Ikat, unlike some other tie-and-dye practices, is not done on fabric, but on threads. Tie and dye of yarn has been practised in several parts of the world for centuries, but only in India, Indonesia and Japan is double Ikat (both of warp and weft) widely practised.
Double Ikat is among the most complex weaving techniques in the world. It can take two artisans about 20 days to produce one sari. The skill and time required for Ikat work has traditionally accorded the craft an elevated status in society.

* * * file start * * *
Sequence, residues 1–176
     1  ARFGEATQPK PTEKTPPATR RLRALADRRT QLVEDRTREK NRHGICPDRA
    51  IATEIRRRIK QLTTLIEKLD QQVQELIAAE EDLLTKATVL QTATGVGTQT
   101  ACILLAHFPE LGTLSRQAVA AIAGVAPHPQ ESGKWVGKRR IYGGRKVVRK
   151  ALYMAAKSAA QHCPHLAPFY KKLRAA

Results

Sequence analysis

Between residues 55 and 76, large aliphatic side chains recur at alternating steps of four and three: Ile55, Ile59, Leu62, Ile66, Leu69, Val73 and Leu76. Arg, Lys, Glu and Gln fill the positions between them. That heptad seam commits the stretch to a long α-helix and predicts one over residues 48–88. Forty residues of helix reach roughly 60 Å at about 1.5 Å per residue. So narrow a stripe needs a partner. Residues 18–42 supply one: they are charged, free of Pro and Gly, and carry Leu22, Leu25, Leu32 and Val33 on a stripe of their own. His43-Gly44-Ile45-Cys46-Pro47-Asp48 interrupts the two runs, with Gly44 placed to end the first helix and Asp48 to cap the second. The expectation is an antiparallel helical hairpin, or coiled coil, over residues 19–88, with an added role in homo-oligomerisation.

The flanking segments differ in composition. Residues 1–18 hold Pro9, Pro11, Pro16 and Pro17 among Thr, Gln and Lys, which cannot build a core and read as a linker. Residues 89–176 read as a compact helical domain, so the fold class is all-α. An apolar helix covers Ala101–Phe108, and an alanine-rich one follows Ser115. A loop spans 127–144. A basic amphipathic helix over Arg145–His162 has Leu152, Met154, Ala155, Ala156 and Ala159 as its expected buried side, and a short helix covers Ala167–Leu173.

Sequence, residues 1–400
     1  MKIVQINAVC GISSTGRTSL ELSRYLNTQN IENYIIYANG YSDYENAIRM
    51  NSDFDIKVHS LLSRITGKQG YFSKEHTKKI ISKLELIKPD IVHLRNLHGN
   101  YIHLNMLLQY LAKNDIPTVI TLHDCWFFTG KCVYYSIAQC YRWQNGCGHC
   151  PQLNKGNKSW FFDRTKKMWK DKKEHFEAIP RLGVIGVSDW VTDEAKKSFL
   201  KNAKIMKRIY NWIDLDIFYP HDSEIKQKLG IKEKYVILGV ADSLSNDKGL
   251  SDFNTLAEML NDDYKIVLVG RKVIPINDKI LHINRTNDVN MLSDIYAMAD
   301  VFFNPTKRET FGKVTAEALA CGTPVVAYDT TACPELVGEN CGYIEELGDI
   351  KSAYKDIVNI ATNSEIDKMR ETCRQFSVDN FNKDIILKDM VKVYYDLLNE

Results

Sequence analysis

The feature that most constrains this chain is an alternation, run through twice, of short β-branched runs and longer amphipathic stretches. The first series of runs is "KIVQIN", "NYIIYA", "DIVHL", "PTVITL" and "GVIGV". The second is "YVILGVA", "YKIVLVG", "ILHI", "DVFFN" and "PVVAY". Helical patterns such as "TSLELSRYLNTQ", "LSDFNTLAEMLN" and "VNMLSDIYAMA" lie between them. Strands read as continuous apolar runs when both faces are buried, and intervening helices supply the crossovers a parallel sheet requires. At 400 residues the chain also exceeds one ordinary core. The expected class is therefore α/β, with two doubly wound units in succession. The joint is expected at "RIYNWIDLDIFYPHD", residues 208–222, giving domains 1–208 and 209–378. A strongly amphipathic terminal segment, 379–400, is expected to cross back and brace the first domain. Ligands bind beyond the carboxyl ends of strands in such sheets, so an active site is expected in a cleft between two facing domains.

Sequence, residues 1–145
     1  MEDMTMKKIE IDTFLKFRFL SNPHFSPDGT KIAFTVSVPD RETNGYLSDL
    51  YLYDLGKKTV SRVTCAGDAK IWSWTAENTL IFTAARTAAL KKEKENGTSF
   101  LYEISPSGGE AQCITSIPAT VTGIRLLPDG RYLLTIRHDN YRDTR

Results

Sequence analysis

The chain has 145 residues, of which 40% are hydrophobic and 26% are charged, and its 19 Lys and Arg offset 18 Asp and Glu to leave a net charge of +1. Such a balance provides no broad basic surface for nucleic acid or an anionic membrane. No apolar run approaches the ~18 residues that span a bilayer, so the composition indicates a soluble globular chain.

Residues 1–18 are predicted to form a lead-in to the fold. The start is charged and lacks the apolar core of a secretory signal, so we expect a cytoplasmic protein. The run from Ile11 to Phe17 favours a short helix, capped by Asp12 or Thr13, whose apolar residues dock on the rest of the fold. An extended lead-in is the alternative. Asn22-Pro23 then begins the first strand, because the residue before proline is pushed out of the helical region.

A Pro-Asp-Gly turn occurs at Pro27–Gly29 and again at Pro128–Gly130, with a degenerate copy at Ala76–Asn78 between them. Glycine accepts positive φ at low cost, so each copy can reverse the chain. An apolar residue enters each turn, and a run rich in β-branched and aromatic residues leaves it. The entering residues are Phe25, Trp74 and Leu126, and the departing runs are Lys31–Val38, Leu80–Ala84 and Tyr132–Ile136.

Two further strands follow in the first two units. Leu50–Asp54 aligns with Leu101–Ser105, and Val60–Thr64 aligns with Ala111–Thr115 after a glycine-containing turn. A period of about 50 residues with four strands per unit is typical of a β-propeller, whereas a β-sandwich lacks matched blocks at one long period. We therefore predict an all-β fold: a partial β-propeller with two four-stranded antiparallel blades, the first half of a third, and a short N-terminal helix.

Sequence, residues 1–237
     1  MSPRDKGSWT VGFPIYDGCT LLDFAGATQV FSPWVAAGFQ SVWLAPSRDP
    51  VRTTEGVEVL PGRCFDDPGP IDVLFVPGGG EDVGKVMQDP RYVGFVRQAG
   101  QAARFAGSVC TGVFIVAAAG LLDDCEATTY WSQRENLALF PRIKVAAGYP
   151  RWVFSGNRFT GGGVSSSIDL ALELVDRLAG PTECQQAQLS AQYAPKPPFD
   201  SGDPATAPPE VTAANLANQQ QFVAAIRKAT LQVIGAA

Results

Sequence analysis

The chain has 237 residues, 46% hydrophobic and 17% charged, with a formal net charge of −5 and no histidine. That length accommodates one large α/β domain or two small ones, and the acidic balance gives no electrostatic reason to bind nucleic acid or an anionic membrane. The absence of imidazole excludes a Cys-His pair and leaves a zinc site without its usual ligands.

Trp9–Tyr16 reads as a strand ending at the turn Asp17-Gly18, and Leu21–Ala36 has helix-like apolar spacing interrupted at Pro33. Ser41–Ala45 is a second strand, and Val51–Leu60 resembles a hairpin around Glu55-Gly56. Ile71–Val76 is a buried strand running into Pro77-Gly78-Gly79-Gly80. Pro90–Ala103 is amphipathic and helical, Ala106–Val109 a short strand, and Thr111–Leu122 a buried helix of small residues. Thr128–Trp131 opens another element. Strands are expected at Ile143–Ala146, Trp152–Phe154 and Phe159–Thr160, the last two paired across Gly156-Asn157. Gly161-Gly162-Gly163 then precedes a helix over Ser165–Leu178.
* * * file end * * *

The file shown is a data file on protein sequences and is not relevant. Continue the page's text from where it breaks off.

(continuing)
The Ikat weaving styles and motifs vary widely from region to region and hence are easily distinguishable. Rajasthan, Gujarat, Orissa and Andhra Pradesh are the States in India, where Ikat is practiced on a notable scale.
Double Ikat of Gujarat called Patola, done on silk, is extremely popular as are the intricate works from Pochampalli in the south.